If the violence in Myanmar continues, as it has been for two years, the refugees will continue to leave their homes hoping to find safety elsewhere. What they find instead are smuggling camps and refugee camps as they wait with no legal status in either their home country or the country where they are trying to seek refuge. The UNHCR is trying to implement potential programs to help the refugee camps, but Myanmar as well as Thai and Malaysian governments need to work with this intergovernmental organization to to resolve this humanitarian crisis.

– Eleni Marino

Sources: Aljazeera, BBC News, UNHCR
Photo: Taipei Times

Human Rights Watch is currently investigating whether the Syrian government used chlorine bombs in recent attacks. Last September, Syria complied to dispose of its chemical weapons, around 1,300 metric tons, after external threats from the United States and Russia. Yet, many believe that chlorine was used in recent attacks in the country through barrel bombs.

The barrels, which are stuffed with nails and explosive material, are pushed out of airplanes into areas of rebel, and civilian, congregation — including schools, hospitals and civilian facilities. While the Syrian government has blamed the attacks on terrorist groups, Nadim Houry, the Deputy Director for the Middle East at Human Rights Watch, thinks otherwise.

Since the Syrian government has sole control over the air, Houry believes these attacks are meant to push residents away from these rebel areas. Causing panic amongst the civilian population, it causes them to flee and, subsequently, allows the government to advance more quickly.

While chlorine is not lethal, it can cause serious health problems for those affected. The Chemical Weapons Convention chalks chlorine’s exclusion from the list of prohibited toxic chemicals to its widespread commercial use, which is most commonly used for water purification and bleaching purposes. Yet this notion has been met with criticism; Charles Duelfer, who was head of Saddam Hussein’s investigation under weapons of mass destruction, claims that the magnitude of chlorine bombs equivocates the problem to other chemical munitions which are currently being destroyed.

Syria, which will be holding an election this upcoming Tuesday, has been in civil uproar since 2011, leaving many in rebel areas hopeless. Now, with voting only allowed in regime-controlled areas and set to virtually assure victory for the incumbent Bashar al-Assad, those in impoverished areas of the country are having trouble remaining hopeful.

Ahmed, a young rebel fighter from a now-besieged Deir Ezzor, is just one of many clinging to survival.

“Deir Ezzor is surrounded by the regime and [ISIS] has cut off the only way out,” Ezzor said.  “We will all be killed.”

– Nick Magnanti

Sources: CSMonitor, NPR, VOANews
Photo: Vice News

A Human Rights Watch report reveals that traveling employers often abuse their migrant workers in the United Kingdom. Meanwhile, the government tends to neglect the abuses and has thus far made it harder for the workers to escape the prison-like conditions.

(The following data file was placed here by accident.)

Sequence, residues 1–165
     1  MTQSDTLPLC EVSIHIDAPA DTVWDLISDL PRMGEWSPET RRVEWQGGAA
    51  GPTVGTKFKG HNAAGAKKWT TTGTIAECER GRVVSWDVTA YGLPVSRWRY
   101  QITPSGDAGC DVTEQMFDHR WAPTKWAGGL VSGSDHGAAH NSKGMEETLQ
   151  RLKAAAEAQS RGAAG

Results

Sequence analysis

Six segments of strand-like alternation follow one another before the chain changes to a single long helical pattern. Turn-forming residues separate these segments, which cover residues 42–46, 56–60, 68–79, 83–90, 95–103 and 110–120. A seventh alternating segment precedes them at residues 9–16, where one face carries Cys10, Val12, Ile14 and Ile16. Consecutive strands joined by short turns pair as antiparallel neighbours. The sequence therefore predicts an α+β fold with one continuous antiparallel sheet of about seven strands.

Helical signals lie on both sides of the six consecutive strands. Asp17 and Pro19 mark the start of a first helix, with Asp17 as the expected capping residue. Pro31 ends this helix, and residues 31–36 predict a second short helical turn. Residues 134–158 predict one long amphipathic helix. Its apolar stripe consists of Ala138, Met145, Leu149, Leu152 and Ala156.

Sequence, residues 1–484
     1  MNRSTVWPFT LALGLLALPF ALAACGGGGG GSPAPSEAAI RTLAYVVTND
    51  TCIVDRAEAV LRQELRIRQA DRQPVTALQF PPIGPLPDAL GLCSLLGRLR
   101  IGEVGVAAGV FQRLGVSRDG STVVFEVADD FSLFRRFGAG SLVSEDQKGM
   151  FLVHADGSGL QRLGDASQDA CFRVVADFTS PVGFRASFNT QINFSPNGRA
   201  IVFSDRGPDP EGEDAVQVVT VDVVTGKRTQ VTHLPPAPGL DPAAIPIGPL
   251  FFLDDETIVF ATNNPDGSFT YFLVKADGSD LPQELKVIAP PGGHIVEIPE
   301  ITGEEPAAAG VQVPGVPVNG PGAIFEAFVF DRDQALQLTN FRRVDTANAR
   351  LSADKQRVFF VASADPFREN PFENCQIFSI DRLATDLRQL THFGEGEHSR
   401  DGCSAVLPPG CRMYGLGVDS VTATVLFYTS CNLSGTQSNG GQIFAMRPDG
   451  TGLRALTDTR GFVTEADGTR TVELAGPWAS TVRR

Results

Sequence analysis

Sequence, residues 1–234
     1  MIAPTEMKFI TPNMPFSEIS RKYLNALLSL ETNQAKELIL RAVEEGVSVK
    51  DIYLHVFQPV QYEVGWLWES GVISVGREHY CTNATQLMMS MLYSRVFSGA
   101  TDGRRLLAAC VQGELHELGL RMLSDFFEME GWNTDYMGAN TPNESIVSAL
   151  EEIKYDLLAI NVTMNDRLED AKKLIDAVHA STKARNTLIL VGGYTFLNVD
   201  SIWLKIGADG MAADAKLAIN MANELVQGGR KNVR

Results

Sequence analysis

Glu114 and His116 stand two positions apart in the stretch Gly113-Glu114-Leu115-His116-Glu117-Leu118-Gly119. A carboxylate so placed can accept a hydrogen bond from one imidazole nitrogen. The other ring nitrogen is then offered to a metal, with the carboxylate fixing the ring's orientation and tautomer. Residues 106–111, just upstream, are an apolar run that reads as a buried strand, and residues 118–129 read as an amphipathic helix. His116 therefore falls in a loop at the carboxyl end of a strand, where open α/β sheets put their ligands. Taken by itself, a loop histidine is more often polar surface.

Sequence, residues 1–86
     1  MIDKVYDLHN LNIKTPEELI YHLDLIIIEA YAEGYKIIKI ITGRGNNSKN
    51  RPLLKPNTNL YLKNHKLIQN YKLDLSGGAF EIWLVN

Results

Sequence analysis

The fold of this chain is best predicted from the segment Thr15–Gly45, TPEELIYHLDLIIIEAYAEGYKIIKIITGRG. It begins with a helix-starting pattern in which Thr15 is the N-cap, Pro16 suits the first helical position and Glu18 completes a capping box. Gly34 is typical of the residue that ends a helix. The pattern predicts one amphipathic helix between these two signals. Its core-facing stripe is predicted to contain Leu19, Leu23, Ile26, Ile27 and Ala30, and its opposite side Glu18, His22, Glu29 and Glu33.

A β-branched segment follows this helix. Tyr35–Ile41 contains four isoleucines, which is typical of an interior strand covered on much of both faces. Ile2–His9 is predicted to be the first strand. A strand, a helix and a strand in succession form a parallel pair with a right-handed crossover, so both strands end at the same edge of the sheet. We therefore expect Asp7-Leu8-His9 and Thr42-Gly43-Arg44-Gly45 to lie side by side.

According to the report’s press release, migrant workers face a range of abuses such as “confiscation of passports, confinement to the home, physical and psychological abuse, extremely long working hours with no rest days and very low wages or non-payment of wages.”

In 2012, the U.K., despite being challenged by UN experts and NGOs, terminated the migrant workers’ right to change their employers upon their arrival from a different country.

Before traveling to the U.K., under the Overseas Domestic Worker visa, domestic workers are required to have been employed by their employer for no less than a year. The visa also limits the employer and the migrant worker to a temporary visit.

“The most serious consequence of the new tied visa for migrant domestic workers is that if they leave their employ they become undocumented,” the report explains. “As a result, domestic workers who have escaped for abusive conditions can be afraid to approach the police out of fear of being deported from the U.K.”

Similar abuses such as the ones occurring in the U.K. take place in the Gulf under the “kafala” system.

According to Graham Peebles, director of the Create Trust, “The draconian Kafala sponsorship system, (which grants ownership of migrants to their sponsor), together with poor or non-existent labour laws, endemic racism and gender prejudice, creates an environment in which extreme mistreatment has become commonplace in the oil-rich kingdom.”

Although the U.K. government was criticized for doing little to stop the practice of kafala within its borders, HRW suggested it could still act to prevent further abuses.

For example, many abusive employers also serve as diplomats who are given immunity due to their profession. On the other hand, one possible course of action that could be taken involves waiving the immunity given to them when they commit crimes against the migrant workers.

As for the U.K. parliament, HRW suggests that the institution should pass legislation that criminalizes the confiscation of the workers’ passports.

While the government decides what to do next, diplomats who already practice kafala in their own countries are given the impression that they can continue to abuse their migrant workers while traveling in the U.K.

– Juan Campos

Sources: Counterpunch, Human Rights Watch